Palestinian Christians and the Two-State Solution

Sept. 16 2016

Every other year, Palestinian Christians in Bethlehem host a conference entitled “Christ at the Checkpoint,” intended to convince evangelical Christians of their moral and religious duty to oppose Israel’s existence; similar efforts are directed at mainline Protestants. Robert Nicholson, having just returned from this year’s conference, explains the situation of Palestinian Christians and what’s behind their attachment to anti-Israel rhetoric:

Palestinian Christians [are] not stupid. They may shout their bona fides from the housetops, but they do so as a self-aware minority, less than 2 percent of an overwhelmingly Muslim society. They see their population rapidly shrinking in relation to their Muslim neighbors. They see the rising popularity of Islamist movements like Hamas and disturbing levels of sympathy for Islamic State. They know that Article 4 of the Palestinian Basic Law . . . promises that the future state of Palestine will be an Islamic polity governed by the principles of shariah.

Meanwhile, they see what is happening to their Christian brothers and sisters in Iraq, Syria, and Egypt. They know that they are different, and that when push comes to shove that difference could get them killed.

Christians inside the territories are hostages in their own society. In private conversations, many express fear of Muslims, positive feelings toward Jews and Israel, and envy of Arabs citizens living inside the Jewish state. Many even hope for the collapse of the Palestinian Authority so that the West Bank can once again be reintegrated with Israel.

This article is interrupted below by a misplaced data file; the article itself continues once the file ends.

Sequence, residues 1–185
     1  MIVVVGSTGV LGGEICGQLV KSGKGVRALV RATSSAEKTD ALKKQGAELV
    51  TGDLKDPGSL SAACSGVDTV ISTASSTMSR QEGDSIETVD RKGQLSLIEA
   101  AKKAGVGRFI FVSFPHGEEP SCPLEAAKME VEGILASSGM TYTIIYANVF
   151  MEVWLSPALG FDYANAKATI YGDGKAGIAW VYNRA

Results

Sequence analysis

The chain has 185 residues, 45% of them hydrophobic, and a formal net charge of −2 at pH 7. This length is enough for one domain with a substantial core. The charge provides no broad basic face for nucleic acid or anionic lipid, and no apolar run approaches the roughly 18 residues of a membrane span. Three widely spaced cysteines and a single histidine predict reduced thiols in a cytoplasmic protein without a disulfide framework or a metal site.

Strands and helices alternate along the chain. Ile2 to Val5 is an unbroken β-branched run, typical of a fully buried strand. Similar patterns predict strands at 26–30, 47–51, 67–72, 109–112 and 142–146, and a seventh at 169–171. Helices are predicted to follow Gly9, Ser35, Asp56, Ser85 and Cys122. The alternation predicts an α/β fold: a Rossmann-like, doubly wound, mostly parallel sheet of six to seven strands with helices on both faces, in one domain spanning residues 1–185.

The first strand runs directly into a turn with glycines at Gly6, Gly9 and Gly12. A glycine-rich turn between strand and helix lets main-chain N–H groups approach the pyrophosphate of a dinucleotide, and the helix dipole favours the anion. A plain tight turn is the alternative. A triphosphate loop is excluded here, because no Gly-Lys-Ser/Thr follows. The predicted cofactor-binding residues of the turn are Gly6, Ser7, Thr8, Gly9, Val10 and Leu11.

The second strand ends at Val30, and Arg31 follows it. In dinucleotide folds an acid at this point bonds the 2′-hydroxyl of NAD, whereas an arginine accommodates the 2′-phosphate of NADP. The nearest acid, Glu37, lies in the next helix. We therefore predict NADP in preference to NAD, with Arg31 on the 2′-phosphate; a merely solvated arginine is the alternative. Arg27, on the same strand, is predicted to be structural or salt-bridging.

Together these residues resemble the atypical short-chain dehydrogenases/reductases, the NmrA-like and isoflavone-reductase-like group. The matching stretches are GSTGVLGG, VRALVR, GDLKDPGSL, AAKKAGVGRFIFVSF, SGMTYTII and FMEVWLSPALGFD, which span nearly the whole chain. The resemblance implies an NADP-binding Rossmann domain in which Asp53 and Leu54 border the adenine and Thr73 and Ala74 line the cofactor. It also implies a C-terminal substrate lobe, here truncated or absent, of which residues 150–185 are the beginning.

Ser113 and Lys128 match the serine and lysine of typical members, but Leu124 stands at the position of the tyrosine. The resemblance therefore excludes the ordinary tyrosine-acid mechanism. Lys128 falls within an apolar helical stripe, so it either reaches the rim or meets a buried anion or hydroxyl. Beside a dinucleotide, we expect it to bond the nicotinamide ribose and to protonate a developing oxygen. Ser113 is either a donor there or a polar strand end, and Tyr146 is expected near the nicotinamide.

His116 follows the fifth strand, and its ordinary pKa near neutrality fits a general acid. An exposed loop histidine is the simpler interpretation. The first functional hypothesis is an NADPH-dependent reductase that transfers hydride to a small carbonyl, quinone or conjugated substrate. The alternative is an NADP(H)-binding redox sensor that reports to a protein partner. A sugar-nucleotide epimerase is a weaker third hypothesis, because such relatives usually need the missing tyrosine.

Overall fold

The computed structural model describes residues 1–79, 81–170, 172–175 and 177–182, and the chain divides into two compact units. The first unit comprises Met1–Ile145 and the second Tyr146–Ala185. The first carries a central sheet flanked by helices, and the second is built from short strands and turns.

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Read more at Providence

More about: Christian Zionism, Evangelical Christianity, Israel & Zionism, Middle East Christianity, Palestinians, Two-State Solution

The American Peace Plan May Be Pushing Jordan into the Arms of Turkey and the Muslim Brotherhood

June 20 2019

In connection with the yet-to-be-released White House peace proposal, both the U.S. and Saudi Arabia have been pressuring King Abdullah of Jordan to relinquish his custodianship of the al-Aqsa mosque, and other Islamic holy sites in Israel, to the House of Saud. They have in return offered to put billions of dollars toward solving the kingdom’s severe economic and fiscal problems. But Abdullah has publicly indicated his unwillingness to surrender his position, and Nadav Shragai argues that it would be to Israel’s detriment if he did:

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Read more at Israel Hayom

More about: Al-Aqsa Mosque, Donald Trump, Israeli Security, Jordan, Muslim Brotherhood, Turkey